MSA Inoculum Educator Spotlight October 2021: Dr. Brandon Matheny

MSA Inoculum Educator Spotlight October 2021: Dr. Brandon Matheny

Interviewed by Sara Gremillion of the MSA Education Committee 

Dr. Matheny’s shared course materials can be found here: https://msafungi.org/course-materials/

Interview questions: 

  1. What is your name and how long have you been teaching Mycology?

    Brandon Matheny – for just over 20 years in some form or other. I started out teaching mushroom identification and workshops in microscopy and macrophotography for the Puget Sound Mycological Society. These were evening courses for adults. 

  1. What is the title of your Mycology-focused course and what is the level of your course?

I do several and am fortunate to be able to do so at a place like the University of Tennessee (UT). The first is upper-division Field Mycology, which is a course intended for our concentration in ecology and evolutionary biology (EEB), but students from a wide array of departments take the course – art, psychology, biochemistry, micro, and so on. The second is another EEB upper-division course called Fungal Diversity. This has been a writing-intensive course so it gets fewer students, but it generally garners my best reviews. In it I assign mostly current papers (including ones I want to read) that cut across different modes of fungal diversity. I have also taught separate graduate-level courses in fungal systematics on one hand and fungal fossils and time-trees on the other.

  1. What is your favorite activity taught in this course and what is the goal of this activity? 

I guess I really like taking students into the field to collect mushrooms for Field  Mycology. I emphasize with them how to use all of their senses – sight, smell, taste,    touch, audio (even telepathy for those who are gullible) – to help them discern different    mushroom traits. Being able to do so helps them identify mushrooms more effectively. You can see this when they try to key them out.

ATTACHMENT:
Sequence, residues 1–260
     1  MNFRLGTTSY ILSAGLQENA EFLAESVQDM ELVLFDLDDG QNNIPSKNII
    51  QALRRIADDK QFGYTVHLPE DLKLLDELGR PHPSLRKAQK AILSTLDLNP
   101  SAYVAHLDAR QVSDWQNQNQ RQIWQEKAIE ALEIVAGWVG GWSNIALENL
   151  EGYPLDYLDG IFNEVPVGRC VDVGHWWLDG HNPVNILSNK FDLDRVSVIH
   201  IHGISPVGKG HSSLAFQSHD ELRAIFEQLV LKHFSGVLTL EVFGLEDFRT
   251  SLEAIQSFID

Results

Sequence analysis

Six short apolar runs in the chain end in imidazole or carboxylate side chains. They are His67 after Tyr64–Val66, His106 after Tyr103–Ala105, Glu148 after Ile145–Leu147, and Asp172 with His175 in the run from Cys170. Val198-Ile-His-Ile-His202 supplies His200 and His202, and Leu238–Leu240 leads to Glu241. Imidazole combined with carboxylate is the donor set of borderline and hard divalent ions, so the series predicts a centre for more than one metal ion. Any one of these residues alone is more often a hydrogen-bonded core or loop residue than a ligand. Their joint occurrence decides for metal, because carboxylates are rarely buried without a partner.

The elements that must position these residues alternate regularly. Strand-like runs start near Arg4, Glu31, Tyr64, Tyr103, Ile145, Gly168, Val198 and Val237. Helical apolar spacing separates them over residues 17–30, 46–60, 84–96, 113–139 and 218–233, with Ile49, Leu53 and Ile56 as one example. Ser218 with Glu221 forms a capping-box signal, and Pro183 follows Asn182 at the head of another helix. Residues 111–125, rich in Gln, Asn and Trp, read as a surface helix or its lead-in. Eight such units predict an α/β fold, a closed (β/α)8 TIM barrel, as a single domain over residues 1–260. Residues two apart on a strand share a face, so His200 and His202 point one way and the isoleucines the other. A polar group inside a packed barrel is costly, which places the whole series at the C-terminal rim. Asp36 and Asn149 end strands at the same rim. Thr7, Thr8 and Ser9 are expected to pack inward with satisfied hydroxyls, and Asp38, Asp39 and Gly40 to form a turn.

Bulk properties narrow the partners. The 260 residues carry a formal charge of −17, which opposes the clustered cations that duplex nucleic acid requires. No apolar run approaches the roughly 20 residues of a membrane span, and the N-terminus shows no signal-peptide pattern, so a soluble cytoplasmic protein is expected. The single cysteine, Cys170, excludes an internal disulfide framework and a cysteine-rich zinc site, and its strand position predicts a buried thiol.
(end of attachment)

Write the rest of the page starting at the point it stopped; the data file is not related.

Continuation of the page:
1. How is this activity assessed? In other words, how do you know if it’s effective? 

See above. I see them navigating successfully through taxonomic keys.

  1. What advice would you give to someone who is new to teaching a Mycology-focused course or who is looking to update their previously taught Mycology-focused course? 

Mycology means different things. I don’t teach a fungal biology class like I used to as a TA at the University of Washington. That was a genuine fungal biology class covering the gamut of fungal phylogenetic diversity, including lab sections; mushrooms were only a single lab! No PowerPoints, just a chalkboard or a few slides time to time and lots of hands-on work with the organisms, which was made capable by an excellent support staff, who maintained and primed cultures for action. At UT, however, I focus on what I do best – mushroom systematics and taxonomy, which we call Field Mycology. This complements our other organismal-based, muddy-boot courses. So, I’d suggest focus on what you do best and, if you do research, integrate that into your teaching.